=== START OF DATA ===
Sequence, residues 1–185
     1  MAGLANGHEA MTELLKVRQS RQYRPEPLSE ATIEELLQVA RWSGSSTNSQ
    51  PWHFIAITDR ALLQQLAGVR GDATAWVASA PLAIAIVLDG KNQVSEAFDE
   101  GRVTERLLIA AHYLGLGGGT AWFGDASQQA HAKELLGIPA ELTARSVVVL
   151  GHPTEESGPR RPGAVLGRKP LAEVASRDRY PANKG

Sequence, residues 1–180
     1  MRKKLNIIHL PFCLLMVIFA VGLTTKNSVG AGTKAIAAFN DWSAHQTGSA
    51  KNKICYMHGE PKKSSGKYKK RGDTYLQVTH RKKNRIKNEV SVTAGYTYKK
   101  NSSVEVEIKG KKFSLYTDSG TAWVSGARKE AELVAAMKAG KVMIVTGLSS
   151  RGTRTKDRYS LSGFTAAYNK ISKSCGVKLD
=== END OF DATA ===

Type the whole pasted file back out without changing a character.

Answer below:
Sequence, residues 1–185
     1  MAGLANGHEA MTELLKVRQS RQYRPEPLSE ATIEELLQVA RWSGSSTNSQ
    51  PWHFIAITDR ALLQQLAGVR GDATAWVASA PLAIAIVLDG KNQVSEAFDE
   101  GRVTERLLIA AHYLGLGGGT AWFGDASQQA HAKELLGIPA ELTARSVVVL
   151  GHPTEESGPR RPGAVLGRKP LAEVASRDRY PANKG

Sequence, residues 1–180
     1  MRKKLNIIHL PFCLLMVIFA VGLTTKNSVG AGTKAIAAFN DWSAHQTGSA
    51  KNKICYMHGE PKKSSGKYKK RGDTYLQVTH RKKNRIKNEV SVTAGYTYKK
   101  NSSVEVEIKG KKFSLYTDSG TAWVSGARKE AELVAAMKAG KVMIVTGLSS
   151  RGTRTKDRYS LSGFTAAYNK ISKSCGVKLD